Banner Health announces flu clinic, new guidelines for Ebola screening
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Banner Health has announced the start of a Friday flu clinic in Fallon and also guidelines on treating individuals with Ebola-like symptoms.
Banner, along with county health officers, are urging people to have a flu shot. Each year in the United States, on average, more than 200,000 people are hospitalized because of the flu and 36,000 people die from flu-related complications, said Banner spokeswoman Sarah Quale.
Beginning today and each Friday through Nov. 21, Banner Health Clinic will offer flu shots on a walk-in basis from 10 a.m.-3 p.m. at Banner Churchill Community Hospital in the Pediatric Clinic on the second floor.
Flu shots are available for adults and children for $25. Cash, check and credit card are the only forms of payment accepted. There will be no insurance billing.
Quale said the Centers for Disease Control and Preparedness recommends a flu vaccine as the first and most important step in protecting against the flu. Preventative actions such as covering your cough and washing your hands also are important everyday steps that can help stop the spread of germs.
According to Quale, the CDC advises people should be vaccinated annually as soon as the vaccine becomes available. Vaccinations continue into December and January, and the flu season typically runs from the fall through March.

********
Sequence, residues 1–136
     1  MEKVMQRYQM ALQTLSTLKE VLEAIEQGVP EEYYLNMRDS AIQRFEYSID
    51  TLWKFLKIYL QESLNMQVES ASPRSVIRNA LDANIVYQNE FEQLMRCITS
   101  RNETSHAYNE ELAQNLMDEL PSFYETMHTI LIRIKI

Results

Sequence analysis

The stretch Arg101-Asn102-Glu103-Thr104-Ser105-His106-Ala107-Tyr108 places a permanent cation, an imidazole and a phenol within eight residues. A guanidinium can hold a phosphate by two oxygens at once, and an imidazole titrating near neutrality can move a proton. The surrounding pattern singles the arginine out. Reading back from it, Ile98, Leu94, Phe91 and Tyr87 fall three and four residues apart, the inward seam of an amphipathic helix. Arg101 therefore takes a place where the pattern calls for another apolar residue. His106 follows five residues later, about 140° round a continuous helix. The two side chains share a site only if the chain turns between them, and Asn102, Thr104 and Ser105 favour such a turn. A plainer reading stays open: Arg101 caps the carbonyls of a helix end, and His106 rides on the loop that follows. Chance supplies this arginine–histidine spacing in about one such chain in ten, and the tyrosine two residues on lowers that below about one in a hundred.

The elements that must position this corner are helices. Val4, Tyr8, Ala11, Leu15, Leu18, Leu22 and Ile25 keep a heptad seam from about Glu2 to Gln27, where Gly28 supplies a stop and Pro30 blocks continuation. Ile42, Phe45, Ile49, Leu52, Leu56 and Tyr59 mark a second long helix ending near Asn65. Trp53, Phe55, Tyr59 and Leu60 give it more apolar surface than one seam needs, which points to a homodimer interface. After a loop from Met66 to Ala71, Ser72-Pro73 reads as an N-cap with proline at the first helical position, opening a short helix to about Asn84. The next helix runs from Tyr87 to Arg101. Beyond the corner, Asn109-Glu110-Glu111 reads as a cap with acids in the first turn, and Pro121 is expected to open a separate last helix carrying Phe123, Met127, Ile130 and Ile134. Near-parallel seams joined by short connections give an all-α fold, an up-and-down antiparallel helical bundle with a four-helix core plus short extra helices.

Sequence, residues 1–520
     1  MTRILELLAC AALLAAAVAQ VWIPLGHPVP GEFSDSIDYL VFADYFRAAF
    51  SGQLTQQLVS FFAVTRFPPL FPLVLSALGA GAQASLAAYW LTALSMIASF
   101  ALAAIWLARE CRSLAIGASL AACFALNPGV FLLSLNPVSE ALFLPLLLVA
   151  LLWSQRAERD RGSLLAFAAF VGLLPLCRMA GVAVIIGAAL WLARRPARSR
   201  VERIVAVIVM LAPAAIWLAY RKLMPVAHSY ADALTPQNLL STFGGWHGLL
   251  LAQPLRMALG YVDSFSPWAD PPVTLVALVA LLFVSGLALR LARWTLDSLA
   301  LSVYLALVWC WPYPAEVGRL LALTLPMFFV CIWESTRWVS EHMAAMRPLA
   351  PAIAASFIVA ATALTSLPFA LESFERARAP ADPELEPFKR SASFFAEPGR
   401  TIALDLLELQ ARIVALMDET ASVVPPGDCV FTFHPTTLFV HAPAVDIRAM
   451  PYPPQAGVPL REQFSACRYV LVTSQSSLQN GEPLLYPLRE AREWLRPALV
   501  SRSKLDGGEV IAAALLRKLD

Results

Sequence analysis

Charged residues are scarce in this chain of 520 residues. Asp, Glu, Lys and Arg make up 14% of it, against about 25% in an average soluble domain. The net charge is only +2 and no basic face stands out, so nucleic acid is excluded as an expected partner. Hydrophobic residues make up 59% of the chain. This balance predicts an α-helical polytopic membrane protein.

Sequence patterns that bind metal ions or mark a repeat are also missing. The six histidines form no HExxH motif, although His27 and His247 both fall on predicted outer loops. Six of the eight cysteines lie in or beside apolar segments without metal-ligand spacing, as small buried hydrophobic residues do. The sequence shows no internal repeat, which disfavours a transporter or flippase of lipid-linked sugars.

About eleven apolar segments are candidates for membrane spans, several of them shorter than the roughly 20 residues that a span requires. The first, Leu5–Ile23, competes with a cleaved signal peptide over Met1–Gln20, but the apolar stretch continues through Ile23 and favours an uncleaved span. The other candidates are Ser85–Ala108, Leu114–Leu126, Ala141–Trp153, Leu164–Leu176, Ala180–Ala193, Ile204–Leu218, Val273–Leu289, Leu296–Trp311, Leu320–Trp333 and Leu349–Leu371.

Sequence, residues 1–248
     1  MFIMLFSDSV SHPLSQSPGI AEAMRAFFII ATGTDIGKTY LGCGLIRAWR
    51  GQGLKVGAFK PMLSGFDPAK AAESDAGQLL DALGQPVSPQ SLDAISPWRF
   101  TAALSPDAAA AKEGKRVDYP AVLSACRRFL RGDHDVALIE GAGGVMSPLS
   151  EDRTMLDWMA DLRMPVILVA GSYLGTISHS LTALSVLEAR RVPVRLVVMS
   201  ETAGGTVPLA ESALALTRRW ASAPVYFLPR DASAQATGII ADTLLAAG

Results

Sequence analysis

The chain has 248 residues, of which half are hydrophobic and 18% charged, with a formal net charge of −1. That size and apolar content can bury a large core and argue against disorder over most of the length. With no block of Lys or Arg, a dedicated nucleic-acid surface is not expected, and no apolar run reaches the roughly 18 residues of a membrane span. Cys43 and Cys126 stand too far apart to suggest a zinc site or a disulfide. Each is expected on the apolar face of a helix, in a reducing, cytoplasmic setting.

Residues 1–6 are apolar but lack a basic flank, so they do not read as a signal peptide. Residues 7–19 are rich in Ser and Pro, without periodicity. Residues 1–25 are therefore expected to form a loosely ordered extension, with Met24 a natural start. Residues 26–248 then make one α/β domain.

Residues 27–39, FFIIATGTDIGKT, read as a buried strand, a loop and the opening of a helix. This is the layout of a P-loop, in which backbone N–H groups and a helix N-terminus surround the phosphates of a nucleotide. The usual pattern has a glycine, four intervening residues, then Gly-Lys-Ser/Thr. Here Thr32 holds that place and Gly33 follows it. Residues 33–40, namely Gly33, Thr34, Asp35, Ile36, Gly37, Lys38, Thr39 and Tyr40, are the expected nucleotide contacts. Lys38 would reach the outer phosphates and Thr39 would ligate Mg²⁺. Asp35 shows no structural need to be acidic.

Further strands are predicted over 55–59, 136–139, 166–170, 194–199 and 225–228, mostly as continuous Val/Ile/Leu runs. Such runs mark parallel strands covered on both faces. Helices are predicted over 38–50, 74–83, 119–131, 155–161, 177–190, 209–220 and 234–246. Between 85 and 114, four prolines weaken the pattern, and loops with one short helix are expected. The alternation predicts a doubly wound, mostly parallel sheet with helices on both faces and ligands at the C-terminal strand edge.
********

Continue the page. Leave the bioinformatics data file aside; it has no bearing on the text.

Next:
Banner Health has developed a policy to deal with Ebola, defined by the CDC as a “rare and deadly disease caused by infection with one of the Ebola virus strains. Ebola can cause disease in humans and nonhuman primates (monkeys, gorillas, and chimpanzees).”
“Any patient who presents to a Banner Health hospital with Ebola-like symptoms is immediately screened to rule out the virus, a process that includes an emphasis on the patient’s recent travel history,” Quale said. “Our acute-care hospitals have isolation rooms where patients who are exposed to serious infectious diseases can be treated.”
Quale also said Banner Health employees are undergoing extensive training to ensure their proper use of personal protective equipment and review related patient care protocols.
“We are developing designated response teams of infectious disease specialists within Banner that will respond to any Banner Health hospital that identifies a need,” she added. “We continue to work with our area state and county health departments, and will follow the Centers for Disease Control and Prevention guidelines if we receive a patient who exhibits signs of this virus.”
In addition to Banner taking steps for Fallon and its other locations, the State of Nevada has taken action steps to ready itself for the unlikely event of an exposure to the Ebola Virus.
The Nevada Department of Health and Human Services’ Chief Medical Officer Dr. Tracey Green has participated in several conference calls, such as the one this week organized by the Nevada Hospital Association, to discuss and ascertain the level of readiness and to gather information in preparation for the soon to be appointed Ebola Advisory Task Force.
DHHS Director Romaine Gilliland has taken quick action and plans to appoint the task force members tomorrow. The first meeting is to be scheduled next week. The purpose of the advisory task force is to ensure the state’s readiness, develop effective communication plans, and make recommendations through the DHHS Director to the Governor for further action.
In addition, DHHS has created an Ebola Tool Kit website (health.nv.gov) as an educational resource for both the community and medical providers. The state’s website also links to the local health authority webpages and the Centers for Disease Control and Prevention websites for additional information.